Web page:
under extant jurisprudence, evidence of the acts of the parties as a whole will be considered to determine the existence of an agreement and a writing signed by only one party can be binding if there was a meeting of the minds on essential elements on unequivocal terms and one party acted thereon in good faith. Further, evidence of a writing signed by one party and acceptance of the terms of the writing by the other is sufficient to bring the action within the statute of limitations for written contracts. These general rules are not inconsistent with the words of § 157(A) - agreed to in writing by the claimant and the state or political subdivision . . . .

Crockett's counsel described the conversation with Insurer's adjuster in his February 7 letter and invited Insurer to respond if his description did not reflect the parties' conversation. COTPA neither denied the described version of the conversation nor responded to the letter. These facts may be sufficient to satisfy the requirements of Cortright. If the conversation described by Crockett's counsel took place before February 4, 2008, it creates an issue of fact as to whether Insurer agreed to toll the 180-day limitation period. However, from this record we cannot determine when the conversation took place, and we therefore cannot determine whether the section 157 limitation period was tolled prior to February 4, 2008.

¶21 Further, based on the facts asserted by her counsel, Crockett may be entitled to a defense to COTPA's section 157 limitation period argument based on equitable estoppel.

A fact question as to whether a defendant is estopped from interposing the defense of a time bar is generally raised by a plaintiff's allegations that the defendant had made (a) some assurance of settlement negotiations reasonably calculated to lull the plaintiff into a sense of security and delay action beyond the statutory period, or (b) an express and repeated admission of liability in conjunction with promises of payment, settlement or performance, or (c) any false, fraudulent or misleading conduct or some affirmative act of concealment to exclude suspicion and preclude inquiry, which induces one to refrain from timely bringing an action . . . .

Jarvis v. City of Stillwater,

¶22 Although it cannot be determined from this record whether COTPA agreed to toll the 180-day limitation period or is estopped from asserting that the 180-period had run, dismissal of Crockett's petition on the basis that it was not timely filed is inappropriate if either is true. Because factual determinations are necessary to resolve this issue, this case must be remanded to the district court. Bivens,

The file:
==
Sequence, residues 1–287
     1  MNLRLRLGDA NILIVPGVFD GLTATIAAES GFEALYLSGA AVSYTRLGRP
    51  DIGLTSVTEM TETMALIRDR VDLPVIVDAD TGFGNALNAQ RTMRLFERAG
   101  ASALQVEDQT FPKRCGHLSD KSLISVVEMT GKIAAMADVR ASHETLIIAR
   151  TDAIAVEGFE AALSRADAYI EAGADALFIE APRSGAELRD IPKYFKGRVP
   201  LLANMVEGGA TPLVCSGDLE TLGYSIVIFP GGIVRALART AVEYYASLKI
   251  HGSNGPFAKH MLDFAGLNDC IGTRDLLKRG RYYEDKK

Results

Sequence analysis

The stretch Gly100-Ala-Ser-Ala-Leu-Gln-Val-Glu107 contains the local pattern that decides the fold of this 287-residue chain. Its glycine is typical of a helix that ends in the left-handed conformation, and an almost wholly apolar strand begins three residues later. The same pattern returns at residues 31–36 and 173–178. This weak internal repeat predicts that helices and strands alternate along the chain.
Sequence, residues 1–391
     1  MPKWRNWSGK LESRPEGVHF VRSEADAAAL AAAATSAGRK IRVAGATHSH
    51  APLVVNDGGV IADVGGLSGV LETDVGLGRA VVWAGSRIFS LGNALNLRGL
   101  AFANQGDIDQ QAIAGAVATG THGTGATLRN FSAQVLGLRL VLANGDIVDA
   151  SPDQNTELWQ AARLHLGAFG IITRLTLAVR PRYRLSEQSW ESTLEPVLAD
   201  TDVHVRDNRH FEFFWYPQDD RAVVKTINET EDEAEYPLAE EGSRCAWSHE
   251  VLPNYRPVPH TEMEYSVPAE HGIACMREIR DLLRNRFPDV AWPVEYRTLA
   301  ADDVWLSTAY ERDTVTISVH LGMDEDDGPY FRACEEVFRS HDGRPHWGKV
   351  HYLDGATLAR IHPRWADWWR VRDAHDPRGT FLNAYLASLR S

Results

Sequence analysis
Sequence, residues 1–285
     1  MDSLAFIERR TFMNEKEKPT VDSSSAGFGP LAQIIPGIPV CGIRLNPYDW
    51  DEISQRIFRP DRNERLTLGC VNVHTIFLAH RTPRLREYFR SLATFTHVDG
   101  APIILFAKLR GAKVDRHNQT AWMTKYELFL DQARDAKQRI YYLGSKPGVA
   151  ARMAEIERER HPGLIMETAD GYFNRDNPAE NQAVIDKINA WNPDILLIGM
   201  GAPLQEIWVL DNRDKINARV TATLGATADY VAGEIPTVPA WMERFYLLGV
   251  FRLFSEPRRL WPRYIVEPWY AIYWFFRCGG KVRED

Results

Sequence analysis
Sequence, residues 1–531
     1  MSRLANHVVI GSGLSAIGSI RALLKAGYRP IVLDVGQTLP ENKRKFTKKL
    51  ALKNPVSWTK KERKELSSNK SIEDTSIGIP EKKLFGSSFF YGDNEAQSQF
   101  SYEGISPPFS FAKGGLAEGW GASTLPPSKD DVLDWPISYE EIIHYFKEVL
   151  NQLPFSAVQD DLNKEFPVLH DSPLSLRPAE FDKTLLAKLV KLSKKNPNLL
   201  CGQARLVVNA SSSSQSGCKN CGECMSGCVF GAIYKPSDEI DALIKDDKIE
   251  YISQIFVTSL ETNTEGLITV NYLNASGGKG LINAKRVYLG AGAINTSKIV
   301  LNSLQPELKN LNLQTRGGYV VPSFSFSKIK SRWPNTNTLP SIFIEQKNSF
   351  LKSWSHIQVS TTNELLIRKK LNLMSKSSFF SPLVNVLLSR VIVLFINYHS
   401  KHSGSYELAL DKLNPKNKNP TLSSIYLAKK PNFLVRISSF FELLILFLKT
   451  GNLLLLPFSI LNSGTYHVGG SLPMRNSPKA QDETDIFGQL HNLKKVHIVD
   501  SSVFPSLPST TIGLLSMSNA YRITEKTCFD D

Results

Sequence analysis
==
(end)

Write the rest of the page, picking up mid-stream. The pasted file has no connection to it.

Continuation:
¶23 The 90-day period of review prescribed by


GABBARD, P.J., and RAPP, J., concur.


1 The record contains several minor inconsistences. COTPA variously describes the date it received the Claim Voucher as either February 13 or February 15. The Claim Voucher is stamped received by Insurer on March 26, 2007, but Insurer represented to Crockett in the May 9 letter that it was received on March 23, 2007.

2 The date of this conversation is not known. However, counsel's February 7, 2008 letter states that the conversation occurred sometime after his January 25, 2008, letter to Insurer.

3 Although Crockett continues to argue that the returned Claim Voucher did not constitute GTCA notice, that position leads to the conclusion that no notice was ever filed and, therefore, her claim is barred for failure to file notice within one year as required by section 156. Crockett is correct in one respect; her subsequent communications with Insurer did not constitute GTCA notice, per this Court's recent decision in Smith v. White Oak Sch. Dist. ex rel. State Bd. of Educ. and Farmers Ins. Co., No. 105,108, slip op. (Okla. Civ. App. 2008). Nonetheless, for the reasons discussed in this Opinion, the Claim Voucher submitted directly to COTPA served as the required GTCA notice and preserved Crockett's right to file suit as permitted by applicable law.

4 COTPA does not argue that Crockett's delay in submitting the requested information invalidated her GTCA notice.

5 Therefore, we are not concerned with the issue this court decided in Smith v. White Oak Sch. Dist. ex rel. State Bd. of Educ. and Farmers Ins. Co., No. 105,108, slip op. (Okla. Civ. App. 2008). White Oak held that the 1995 amendment to section 156 required strict compliance with the requirement that notice of governmental tort claims be filed "in writing and with the office of the clerk of the governing body." White Oak examined the sufficiency of a filing with the claims adjuster for a governmental entity's insurer and, citing Minie v. Hudson, 1997 OK 26, 934 P.2d 1082, held that such "substantial compliance" with the filing requirement was no longer an effective substitute for the statutory process. However, in this case, all communications between Crockett and COTPA's Insurer occurred after the Claims Voucher was filed.